Who is Hamza Yusuf Hanson? He was born Mark Hanson, of a Greek Orthodox mother and Catholic father, and became Muslim as a teenager. For many years, he was the most strident and offensive radical Muslim preacher on the West Coast, and among the most inflammatory in the U.S. In 1991 he proclaimed "Jihad is the Only Way." One of his more notable diatribes, delivered before an Islamist conclave in 1996, featured his fervent denunciation of America and democracy. Hanson expressed contempt for "the 'land of freedom,' and other clinched [sic] and meaningless banality [sic] about a country that has little to be proud of in its past and less to be proud of in the present. I am a citizen of this country not by choice but by birth. I reside in this country not by choice but by conviction in attempting to spread the message of Islam in this country. I became Muslim in part because I did not believe in the false gods of this society whether we call them Jesus or democracy or the Bill of Rights or any other element of this society that is held sacrosanct by the ill-informed peoples that make up this charade of a society... [F]undamentals of Islam are being compromised ... [T]here should be no voting or debate... [W]e have no room for ayes or nays."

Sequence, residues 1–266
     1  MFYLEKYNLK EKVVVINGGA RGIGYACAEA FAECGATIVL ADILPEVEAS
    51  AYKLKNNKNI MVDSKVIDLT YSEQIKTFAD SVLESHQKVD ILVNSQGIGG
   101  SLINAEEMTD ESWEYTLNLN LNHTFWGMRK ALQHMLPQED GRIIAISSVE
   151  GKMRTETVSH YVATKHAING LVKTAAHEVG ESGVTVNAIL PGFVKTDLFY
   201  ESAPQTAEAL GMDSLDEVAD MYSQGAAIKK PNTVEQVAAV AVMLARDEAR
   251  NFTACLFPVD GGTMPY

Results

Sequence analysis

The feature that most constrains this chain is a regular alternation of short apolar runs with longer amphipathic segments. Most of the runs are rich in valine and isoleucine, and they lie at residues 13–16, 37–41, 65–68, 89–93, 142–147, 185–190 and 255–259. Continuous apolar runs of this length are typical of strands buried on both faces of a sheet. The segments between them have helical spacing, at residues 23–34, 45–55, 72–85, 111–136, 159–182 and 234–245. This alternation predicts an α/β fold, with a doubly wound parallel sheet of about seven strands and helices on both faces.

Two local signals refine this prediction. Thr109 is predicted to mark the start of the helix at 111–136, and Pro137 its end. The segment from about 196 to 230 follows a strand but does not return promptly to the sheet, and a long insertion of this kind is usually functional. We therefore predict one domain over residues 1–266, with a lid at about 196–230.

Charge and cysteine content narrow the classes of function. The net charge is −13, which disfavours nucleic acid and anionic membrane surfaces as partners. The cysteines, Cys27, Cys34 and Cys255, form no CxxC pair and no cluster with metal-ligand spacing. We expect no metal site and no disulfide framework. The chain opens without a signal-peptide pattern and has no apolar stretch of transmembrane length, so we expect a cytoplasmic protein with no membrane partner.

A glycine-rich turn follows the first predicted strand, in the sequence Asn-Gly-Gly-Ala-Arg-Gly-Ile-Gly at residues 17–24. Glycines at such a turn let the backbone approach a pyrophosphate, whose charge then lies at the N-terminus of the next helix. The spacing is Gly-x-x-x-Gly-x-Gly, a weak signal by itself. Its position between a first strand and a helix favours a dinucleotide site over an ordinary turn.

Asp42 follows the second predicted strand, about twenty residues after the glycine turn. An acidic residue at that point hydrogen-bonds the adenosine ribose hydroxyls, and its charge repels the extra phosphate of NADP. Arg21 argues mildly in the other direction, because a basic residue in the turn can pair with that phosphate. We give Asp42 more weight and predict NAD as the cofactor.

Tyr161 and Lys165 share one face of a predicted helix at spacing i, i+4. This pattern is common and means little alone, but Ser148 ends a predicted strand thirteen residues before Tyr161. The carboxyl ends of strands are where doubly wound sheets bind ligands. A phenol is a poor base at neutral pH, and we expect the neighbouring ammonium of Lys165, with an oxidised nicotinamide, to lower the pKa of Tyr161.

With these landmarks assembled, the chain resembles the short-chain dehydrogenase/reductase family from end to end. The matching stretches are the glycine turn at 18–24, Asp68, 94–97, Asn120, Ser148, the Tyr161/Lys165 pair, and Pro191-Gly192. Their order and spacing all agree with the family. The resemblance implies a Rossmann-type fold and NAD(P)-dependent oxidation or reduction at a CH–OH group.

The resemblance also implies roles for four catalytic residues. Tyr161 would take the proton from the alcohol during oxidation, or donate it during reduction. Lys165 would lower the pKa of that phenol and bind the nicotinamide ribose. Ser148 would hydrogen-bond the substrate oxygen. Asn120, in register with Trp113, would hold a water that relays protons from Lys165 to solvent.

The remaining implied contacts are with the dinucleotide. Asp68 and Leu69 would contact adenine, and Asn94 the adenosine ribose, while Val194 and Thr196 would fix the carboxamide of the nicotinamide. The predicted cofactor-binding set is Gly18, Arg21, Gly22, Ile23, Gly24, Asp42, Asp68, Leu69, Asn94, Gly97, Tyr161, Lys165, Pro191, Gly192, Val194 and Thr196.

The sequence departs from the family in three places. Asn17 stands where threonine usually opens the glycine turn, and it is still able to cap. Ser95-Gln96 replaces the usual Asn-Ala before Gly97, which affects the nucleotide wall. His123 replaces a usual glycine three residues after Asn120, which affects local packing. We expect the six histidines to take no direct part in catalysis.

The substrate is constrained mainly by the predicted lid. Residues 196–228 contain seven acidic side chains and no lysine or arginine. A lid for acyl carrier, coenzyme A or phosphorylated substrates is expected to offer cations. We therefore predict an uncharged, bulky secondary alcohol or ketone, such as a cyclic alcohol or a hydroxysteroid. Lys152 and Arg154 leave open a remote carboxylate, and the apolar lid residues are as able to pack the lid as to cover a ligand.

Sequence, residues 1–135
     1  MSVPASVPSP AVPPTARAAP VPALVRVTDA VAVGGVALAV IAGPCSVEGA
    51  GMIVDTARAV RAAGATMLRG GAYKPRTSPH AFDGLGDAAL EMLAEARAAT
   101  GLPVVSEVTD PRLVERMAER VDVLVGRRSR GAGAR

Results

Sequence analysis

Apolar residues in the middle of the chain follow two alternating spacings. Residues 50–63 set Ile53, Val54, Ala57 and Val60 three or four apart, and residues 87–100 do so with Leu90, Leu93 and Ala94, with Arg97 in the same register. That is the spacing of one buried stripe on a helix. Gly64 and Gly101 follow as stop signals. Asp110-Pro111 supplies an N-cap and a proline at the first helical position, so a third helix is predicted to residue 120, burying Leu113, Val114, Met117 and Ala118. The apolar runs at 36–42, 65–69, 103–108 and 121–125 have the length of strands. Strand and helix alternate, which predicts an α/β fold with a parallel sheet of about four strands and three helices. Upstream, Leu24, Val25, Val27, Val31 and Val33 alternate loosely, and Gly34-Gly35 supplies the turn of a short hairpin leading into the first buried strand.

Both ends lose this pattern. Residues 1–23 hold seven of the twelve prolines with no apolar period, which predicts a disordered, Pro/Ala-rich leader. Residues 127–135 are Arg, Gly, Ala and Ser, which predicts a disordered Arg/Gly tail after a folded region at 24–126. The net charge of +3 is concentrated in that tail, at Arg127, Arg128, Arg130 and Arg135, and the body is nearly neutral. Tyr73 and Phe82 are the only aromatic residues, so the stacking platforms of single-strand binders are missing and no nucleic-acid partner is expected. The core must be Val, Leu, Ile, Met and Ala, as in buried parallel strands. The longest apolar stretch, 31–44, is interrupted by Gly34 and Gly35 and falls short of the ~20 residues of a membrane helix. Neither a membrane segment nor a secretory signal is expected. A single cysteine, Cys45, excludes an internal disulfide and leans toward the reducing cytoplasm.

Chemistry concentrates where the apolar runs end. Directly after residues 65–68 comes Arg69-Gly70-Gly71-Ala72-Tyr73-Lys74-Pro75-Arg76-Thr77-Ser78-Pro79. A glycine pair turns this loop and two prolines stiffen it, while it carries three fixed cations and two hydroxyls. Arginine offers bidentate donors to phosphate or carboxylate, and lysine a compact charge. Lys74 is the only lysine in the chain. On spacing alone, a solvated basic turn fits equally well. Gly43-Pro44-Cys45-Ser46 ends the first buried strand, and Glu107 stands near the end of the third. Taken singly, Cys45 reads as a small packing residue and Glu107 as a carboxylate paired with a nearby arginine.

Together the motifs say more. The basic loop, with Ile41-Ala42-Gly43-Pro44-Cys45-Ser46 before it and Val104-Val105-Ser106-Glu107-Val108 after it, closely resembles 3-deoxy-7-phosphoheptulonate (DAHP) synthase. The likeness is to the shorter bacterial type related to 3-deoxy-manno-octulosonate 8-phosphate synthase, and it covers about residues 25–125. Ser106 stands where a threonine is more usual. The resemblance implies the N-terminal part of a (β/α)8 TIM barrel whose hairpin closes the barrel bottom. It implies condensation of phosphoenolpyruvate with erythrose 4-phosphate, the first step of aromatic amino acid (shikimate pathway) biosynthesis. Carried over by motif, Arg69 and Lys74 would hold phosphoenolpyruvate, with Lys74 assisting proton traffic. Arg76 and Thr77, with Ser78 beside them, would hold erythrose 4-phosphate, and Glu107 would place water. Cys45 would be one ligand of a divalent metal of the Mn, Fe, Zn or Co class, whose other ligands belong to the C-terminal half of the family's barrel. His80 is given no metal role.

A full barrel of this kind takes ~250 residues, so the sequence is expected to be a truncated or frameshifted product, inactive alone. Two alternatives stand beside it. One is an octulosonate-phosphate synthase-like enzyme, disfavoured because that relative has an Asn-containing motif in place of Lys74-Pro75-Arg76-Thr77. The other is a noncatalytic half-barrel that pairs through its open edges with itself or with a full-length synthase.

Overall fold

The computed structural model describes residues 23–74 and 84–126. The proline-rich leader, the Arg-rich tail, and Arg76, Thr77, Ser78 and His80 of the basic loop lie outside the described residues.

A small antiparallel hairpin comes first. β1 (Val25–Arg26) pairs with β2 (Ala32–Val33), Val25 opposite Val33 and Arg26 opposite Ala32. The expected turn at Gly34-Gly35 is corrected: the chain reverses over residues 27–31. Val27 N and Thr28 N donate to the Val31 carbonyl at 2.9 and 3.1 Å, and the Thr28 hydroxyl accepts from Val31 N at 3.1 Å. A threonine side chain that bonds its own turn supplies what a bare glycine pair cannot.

On September 9, 2001, Hanson declared before a Muslim student meeting at UCLA, "this country is facing a very terrible fate. The reason for that is that this country stands condemned. It stands condemned like Europe stood condemned for what it did. . . . This country (America) unfortunately has a great, a great tribulation coming to it. And much of it is already here, yet people are too to illiterate to read the writing on the wall."
Two days later the world changed, and so, we are told, did Hamza Yusuf Hanson. Suddenly the demagogic speechifier was replaced by a spiritual Sufi who condemned terrorism. In one of the most absurd misadventures during the early U.S. response to 9/11, Hanson was invited to meet with President George W. Bush at the same time as federal investigators were looking into his September 9 remarks. Hanson has used this casual contact with the president, ever since, to present himself as an advisor to the administration - when not corrosively denouncing the same administration in the normal fashion of Islamist radicals.
The cleanup of Hamza Yusuf Hanson was furthered by fawning articles in The New York Times, in which he was portrayed as the very model of the moderate American Muslim. But the mask repeatedly slips; in 2004 at the annual convention of the Islamic Society of North America (ISNA), an entity created by Saudi Arabia's official and radical Wahhabi sect, Hanson called on the audience to take pride in "failing the test" of demonstrating moderation.
Still, Hanson got another break when the British authorities wrong-headedly decided that the answer to pervasive radical ideology among UK Muslims was to foster an Islamic tour of the island, idiotically dubbed "the Radical Middle Way," with Hanson as a leading member of an itinerant preaching team. British media fell all over themselves to embrace him, including the venerable but fallible Economist. Lately he has been spotted in Saudi Arabia, that redoubt of extremism and intolerance, where he clearly has powerful friends.